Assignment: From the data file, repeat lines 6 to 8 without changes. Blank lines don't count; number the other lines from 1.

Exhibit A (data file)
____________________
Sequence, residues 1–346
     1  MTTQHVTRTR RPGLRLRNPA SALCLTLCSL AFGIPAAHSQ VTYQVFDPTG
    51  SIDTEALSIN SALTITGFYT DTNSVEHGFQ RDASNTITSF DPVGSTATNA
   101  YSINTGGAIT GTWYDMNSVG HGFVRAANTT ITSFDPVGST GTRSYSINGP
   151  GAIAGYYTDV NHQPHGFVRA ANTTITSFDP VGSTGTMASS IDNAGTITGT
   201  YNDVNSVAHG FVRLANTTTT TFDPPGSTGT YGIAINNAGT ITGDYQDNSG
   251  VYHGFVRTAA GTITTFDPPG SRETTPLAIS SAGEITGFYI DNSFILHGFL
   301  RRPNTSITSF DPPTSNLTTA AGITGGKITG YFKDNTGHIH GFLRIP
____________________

   201  YNDVNSVAHG FVRLANTTTT TFDPPGSTGT YGIAINNAGT ITGDYQDNSG
   251  VYHGFVRTAA GTITTFDPPG SRETTPLAIS SAGEITGFYI DNSFILHGFL
   301  RRPNTSITSF DPPTSNLTTA AGITGGKITG YFKDNTGHIH GFLRIP